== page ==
Yes, King is now a national hero, so much so that his likeness is readily reproduced in souvenir form alongside George Washington and John Wayne, he of the barrel-chested, Native American-slaughtering screen persona, which manifested, in Baldwin’s eyes, as that of an “immature bully.” Dr King has been commodified, without complaint, in the city where Baldwin once torturously came of age. The same city in which unarmed black men like Eric Garner and Akai Gurley were shot and killed by public servants whose job it is to ensure their safety. The same officers who harassed and assaulted Baldwin when he was as young as 10 years old.

Peck doesn’t always explicate these insights but Strauss’ patchwork, time-hopping montage allows us to infer them all the same. She seamlessly interweaves numerous graphic fragments (which include Baldwin’s university lectures and additional talk show appearances, as well as excerpts from various Hollywood movies) with the film’s central text, culled and stitched together from various Baldwin works. These range from his seminal New Yorker essay ‘Letter from a Region in My Mind’ to extracts from ‘The Devil Finds Work’, an essential collection of film writing in which Baldwin espouses on everything from the reassuringly weakened presence of Sidney Poitier to Joan Crawford and Bette Davis’ conspicuous resemblance to the black women who surrounded him in his youth.

In these latter passages, I Am Not Your Negro openly reckons with the tragic representational history of its medium through Baldwin’s personal recollections. At one point Baldwin remembers the black actor Willie Best (saddled with the derogatory stage name “Sleep n’ Eat”) and his brief performance as a petrified janitor wrongfully accused of murder in a 1932 horror film called The Monster Walks. “The janitor’s role is small, but the man’s face bangs in my memory until today,” recites Jackson. “He both scared me and strengthened me.”

The residual effect of these eagerly-accumulated and savvily-structured sources is something more complex than mere hagiography, even though the filmmakers’ admiration for Baldwin cannot be disputed. Their artful technical execution, coupled with Jackson’s masterful narration, elevates the film’s portrayal of Baldwin, who registers as something close to a sentient being thanks to the constant flow of his views and image. This is a praiseworthy feat that has been attempted to lesser effect within recent bio-docs like Amy and Listen to Me Marlon, which tackily employed the recorded voices of their primary subjects as spectral guides, commenting on their own rises and falls from beyond the grave.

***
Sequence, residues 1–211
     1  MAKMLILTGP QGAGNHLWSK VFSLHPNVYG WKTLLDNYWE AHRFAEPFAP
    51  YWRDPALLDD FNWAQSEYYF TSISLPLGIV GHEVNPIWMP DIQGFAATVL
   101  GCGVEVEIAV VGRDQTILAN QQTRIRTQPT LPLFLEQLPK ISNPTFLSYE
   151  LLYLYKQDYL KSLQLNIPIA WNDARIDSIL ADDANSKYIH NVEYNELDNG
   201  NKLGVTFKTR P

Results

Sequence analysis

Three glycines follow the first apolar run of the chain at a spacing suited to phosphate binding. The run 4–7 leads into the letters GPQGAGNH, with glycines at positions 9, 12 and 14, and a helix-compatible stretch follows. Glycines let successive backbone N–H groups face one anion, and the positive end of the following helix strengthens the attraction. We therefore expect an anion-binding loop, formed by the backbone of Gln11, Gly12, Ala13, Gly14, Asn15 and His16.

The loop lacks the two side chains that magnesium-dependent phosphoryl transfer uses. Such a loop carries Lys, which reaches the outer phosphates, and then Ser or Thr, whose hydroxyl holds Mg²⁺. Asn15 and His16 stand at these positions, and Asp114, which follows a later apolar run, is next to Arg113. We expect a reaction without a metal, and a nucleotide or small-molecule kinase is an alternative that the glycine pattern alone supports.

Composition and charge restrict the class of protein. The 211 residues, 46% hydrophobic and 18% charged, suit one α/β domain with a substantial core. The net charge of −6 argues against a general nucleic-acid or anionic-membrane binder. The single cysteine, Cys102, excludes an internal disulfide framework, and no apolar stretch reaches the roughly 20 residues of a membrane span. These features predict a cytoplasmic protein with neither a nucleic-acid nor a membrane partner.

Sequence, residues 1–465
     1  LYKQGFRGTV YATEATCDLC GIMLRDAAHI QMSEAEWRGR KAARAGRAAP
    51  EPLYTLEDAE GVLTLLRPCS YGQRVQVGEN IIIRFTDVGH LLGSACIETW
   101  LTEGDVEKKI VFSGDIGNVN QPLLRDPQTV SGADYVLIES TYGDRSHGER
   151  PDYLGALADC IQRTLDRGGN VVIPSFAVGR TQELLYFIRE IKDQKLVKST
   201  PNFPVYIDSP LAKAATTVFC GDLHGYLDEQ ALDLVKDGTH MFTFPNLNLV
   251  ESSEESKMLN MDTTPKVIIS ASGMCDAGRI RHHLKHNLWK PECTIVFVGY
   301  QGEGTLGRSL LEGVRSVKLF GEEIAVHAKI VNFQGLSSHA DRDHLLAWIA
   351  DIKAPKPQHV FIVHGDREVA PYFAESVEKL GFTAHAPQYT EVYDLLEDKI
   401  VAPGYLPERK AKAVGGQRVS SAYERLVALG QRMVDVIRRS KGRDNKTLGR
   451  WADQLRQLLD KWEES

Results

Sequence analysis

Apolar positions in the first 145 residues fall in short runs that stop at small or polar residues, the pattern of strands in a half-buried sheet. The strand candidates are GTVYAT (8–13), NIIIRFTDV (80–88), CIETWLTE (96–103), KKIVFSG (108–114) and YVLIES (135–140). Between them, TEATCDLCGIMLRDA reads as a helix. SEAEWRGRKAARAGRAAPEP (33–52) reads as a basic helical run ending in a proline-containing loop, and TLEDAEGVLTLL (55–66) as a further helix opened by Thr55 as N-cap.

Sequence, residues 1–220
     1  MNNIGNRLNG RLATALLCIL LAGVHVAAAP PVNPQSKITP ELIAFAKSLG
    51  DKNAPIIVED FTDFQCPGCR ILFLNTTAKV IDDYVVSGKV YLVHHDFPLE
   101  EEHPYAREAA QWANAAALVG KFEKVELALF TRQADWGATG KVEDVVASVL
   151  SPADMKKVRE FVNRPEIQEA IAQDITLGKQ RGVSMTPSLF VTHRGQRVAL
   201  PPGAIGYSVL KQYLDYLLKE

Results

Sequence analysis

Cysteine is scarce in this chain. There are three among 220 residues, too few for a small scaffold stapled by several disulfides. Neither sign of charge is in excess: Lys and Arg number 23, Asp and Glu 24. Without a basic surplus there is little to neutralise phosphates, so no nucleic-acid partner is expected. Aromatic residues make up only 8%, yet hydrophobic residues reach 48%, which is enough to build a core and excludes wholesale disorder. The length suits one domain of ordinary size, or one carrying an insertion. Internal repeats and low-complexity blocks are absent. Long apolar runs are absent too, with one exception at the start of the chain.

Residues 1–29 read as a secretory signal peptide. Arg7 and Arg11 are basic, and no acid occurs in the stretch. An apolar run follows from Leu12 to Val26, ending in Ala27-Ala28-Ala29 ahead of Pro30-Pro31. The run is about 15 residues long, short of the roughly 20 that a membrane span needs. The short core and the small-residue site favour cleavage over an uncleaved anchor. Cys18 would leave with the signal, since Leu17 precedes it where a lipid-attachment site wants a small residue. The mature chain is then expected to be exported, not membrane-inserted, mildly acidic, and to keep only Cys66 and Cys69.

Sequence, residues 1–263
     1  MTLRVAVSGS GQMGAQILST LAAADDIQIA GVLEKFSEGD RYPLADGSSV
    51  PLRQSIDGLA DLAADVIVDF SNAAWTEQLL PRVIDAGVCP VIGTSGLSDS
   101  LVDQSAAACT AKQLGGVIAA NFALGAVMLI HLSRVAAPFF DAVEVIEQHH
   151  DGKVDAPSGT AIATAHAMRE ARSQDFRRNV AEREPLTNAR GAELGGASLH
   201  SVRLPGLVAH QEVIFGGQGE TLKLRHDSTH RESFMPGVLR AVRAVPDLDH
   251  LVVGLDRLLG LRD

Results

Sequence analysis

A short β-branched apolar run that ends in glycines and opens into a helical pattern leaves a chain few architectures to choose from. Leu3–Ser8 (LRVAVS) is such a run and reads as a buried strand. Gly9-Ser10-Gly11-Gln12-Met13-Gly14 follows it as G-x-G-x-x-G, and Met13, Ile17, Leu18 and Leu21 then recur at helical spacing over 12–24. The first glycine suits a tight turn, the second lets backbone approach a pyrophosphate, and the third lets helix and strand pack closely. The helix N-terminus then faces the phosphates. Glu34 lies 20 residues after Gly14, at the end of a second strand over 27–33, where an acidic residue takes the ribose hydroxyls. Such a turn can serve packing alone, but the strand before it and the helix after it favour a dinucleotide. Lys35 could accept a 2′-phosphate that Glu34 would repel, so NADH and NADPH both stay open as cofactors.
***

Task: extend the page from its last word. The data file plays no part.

Peck’s film doesn’t waste time recapitulating Baldwin’s legacy and refuses to turn him into the marble statue that so many heroes become when centralised in fawning nonfiction movies. Instead, Peck and Strauss, through fluid, train-of-thought edits, reawaken Baldwin’s entire mindscape, one brimming with ideas and obliquely attuned to a present that is both changed from and familiar to the past. Wherever his brain wanders, our attention invariably follows. Indeed, I Am Not Your Negro excels precisely because it values Baldwin’s genius above all else. His aching, hard-earned wisdom has wavered in and out of the American consciousness in the decades since his death, but Peck’s film places it at the forefront, which is where it has always and unquestionably belonged.

I Am Not Your Negro is released in the US on 3 February and in the UK 7 on April.

Published 1 Feb 2017

Tags: James Baldwin Raoul Peck


There has seldom been a more appropriate time for Baldwin to find his way back to our screens.


A film as muscular and multidimensional as the words of its subject.

In Retrospect.

Peck has crafted a cinematic experience to both savour and learn from.